Welding of assembled crankshafts

Monday, October 07, 2013

Tags :  crankshafts

In 2010 I wrote a RET-Monitor article on assembled or ‘split’ crankshafts. In it I mentioned some of the applications of this type of crankshaft assembly, and discussed some of the advantages and disadvantages. There was a brief mention of the use of welding in the assembly of such crankshafts, but no further explanation. Although somewhat late in doing so, I’d like to explain more about the reasons for welding.

The 2010 article mentioned that welding is sometimes used to prevent the various parts of the crankshaft from losing their angular alignment if the interference between crankpin and crankwebs is insufficient. In addition to angular movement being possible, it is sometimes found that the crankwebs tend to move axially in relation to each other.

There are two main problems with this particular axial movement. The first is that the rod end float can be diminished to zero, with the rod thrust faces in constant contact with the crankwebs. This can lead to rapid thrust washer wear and an increase in friction. If the movement is significant enough, it can cause the piston to be thrust to the side, effectively rotating the area of maximum contact pressure from its usual location. That can mean the piston wears more quickly as the ‘bridge’ between inlet or exhaust ports, against which the piston usually bears, is no longer loaded as intended. The second problem with axial movement of the crankwebs is that the rod thrust clearance can increase; again this can allow unintended off-centre loading of the piston-to-cylinder contact.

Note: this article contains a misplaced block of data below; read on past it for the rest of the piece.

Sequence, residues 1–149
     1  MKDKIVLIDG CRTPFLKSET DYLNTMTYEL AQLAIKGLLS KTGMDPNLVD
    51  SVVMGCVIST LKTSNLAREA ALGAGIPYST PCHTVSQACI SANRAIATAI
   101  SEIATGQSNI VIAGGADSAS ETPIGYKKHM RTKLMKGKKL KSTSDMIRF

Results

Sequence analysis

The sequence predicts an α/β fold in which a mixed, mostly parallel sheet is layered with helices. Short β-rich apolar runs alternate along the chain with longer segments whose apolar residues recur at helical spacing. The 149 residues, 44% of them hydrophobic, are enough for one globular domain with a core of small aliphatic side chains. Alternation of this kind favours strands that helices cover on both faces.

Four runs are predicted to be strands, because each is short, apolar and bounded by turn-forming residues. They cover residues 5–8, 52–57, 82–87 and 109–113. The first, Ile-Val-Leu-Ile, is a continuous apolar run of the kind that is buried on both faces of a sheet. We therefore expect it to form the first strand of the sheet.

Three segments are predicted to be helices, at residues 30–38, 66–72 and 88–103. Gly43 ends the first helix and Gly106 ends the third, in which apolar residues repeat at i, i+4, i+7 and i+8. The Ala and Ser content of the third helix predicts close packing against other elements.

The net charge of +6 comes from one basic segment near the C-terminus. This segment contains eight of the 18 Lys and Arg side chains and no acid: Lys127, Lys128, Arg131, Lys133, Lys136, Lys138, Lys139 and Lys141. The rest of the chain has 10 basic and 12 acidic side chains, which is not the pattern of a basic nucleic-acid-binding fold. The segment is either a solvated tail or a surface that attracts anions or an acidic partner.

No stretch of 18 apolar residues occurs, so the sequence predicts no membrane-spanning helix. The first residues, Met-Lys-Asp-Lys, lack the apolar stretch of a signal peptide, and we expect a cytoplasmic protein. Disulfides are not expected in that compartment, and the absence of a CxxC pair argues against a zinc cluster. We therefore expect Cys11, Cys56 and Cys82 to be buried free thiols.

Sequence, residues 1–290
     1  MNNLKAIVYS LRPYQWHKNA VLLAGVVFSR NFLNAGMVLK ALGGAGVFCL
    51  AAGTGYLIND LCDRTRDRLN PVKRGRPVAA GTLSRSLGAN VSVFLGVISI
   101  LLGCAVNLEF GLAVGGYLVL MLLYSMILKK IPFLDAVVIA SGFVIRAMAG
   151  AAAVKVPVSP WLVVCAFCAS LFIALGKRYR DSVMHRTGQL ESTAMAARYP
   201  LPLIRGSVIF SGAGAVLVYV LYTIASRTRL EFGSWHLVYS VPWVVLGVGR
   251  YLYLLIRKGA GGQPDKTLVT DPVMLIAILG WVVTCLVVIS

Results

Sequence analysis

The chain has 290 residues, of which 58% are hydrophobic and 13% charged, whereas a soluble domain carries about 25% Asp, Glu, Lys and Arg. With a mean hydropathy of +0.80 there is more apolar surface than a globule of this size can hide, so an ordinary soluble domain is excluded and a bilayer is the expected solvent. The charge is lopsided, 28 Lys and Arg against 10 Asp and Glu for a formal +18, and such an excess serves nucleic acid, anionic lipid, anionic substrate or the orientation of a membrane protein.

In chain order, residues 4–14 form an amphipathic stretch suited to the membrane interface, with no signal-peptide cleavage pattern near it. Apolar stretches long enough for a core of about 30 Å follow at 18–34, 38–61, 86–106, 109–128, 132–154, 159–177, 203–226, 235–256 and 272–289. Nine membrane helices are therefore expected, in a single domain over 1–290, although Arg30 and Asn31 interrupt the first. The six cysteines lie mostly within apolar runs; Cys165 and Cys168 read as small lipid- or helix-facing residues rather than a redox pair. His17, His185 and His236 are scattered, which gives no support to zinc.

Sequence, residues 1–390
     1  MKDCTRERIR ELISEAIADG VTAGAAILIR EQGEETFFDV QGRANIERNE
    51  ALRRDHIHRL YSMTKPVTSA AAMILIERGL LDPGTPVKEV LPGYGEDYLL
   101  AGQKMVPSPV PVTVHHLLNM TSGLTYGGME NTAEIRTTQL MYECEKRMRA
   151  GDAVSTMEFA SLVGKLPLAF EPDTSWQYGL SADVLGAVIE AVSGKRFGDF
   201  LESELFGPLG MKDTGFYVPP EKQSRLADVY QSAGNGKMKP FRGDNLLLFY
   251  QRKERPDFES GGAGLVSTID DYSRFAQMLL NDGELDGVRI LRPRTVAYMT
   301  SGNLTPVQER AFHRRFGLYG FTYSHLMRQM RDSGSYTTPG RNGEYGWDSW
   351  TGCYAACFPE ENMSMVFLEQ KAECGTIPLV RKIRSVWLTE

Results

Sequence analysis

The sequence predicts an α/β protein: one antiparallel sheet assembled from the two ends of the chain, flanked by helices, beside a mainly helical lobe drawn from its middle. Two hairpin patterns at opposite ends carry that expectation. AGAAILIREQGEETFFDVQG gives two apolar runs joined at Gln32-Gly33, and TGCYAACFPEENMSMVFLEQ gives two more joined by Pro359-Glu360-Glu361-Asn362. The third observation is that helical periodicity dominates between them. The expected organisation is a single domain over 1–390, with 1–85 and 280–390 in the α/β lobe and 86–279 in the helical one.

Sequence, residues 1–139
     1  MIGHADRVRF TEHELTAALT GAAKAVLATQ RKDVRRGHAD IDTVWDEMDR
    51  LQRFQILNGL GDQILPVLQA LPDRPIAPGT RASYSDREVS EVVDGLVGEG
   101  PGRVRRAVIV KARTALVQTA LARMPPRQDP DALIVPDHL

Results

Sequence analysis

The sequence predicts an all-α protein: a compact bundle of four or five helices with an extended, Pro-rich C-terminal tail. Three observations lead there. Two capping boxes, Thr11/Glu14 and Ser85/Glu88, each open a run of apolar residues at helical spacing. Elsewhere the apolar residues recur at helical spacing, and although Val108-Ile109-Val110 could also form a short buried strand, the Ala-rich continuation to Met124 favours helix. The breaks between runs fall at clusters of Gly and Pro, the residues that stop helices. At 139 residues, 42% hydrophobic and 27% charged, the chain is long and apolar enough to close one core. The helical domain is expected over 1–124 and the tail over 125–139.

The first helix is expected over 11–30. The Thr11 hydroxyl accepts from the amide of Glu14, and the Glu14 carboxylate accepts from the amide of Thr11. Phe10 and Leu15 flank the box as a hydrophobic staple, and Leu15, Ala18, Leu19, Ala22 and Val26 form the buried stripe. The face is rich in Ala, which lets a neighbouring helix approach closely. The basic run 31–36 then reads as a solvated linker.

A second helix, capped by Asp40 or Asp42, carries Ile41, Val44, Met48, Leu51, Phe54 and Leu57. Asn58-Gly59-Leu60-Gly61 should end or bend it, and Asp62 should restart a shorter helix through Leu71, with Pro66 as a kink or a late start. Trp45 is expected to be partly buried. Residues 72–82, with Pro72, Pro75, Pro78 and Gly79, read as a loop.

It is common to find axial movement of the crankwebs combined with some angular misalignment too, which should not be surprising given that there is insufficient interference to prevent movement.

Welding is a common way to prevent movement, but there are some pitfalls in welding the crankpin to the web(s). If there is too much heat added to the crankshaft during the operation, there is a danger of distorting the crankshaft, thereby making it unfit for use. The crankshaft must be assembled accurately before welding, otherwise we may simply be condemning an engine to run with an inaccurate assembly, even if the welding is sound. If too much heat is introduced then the weld itself might weaken the crankshaft components to the extent that the fatigue life of the crankshaft as a whole is reduced.

The welding is done on the outside face of the crankweb, where the crankpin is pushed through. If proper weld preparation is done on both components, and a skilled welder does the job, it may not be necessary to dress the weld, but it is common to see the weld dressed either for neatness or to prevent contact with adjacent components. Often the weld does not go right around the crankpin, especially where the engine is relatively short stroke. It is common to have just a short run of weld closest to the outside diameter of the crankweb, or to create an intermittent weld around the crankpin.

Even if the process is carried out perfectly, there is the disadvantage that the weld has to be ground away before the crankshaft assembly can be serviced.

Written by Wayne Ward

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Comments

It's an old article (I'm replying in late 2017) but I do have a little experience of built up cranks and crank welding. It isn't an issue on majority of single throw (motorcycle) engines but can help on multi cylinder machines with relatively high outputs (around 110bhp/litre) and above) On some motors, it only affects the time before significant destruction due to flex of flywheels on crank-pin, The crank counterweights cause pin to fret inside it's bore. Although I aven't tested it, I believe a 'pendulum' type balancer would allow much higher rpm with less movement of friction fit components?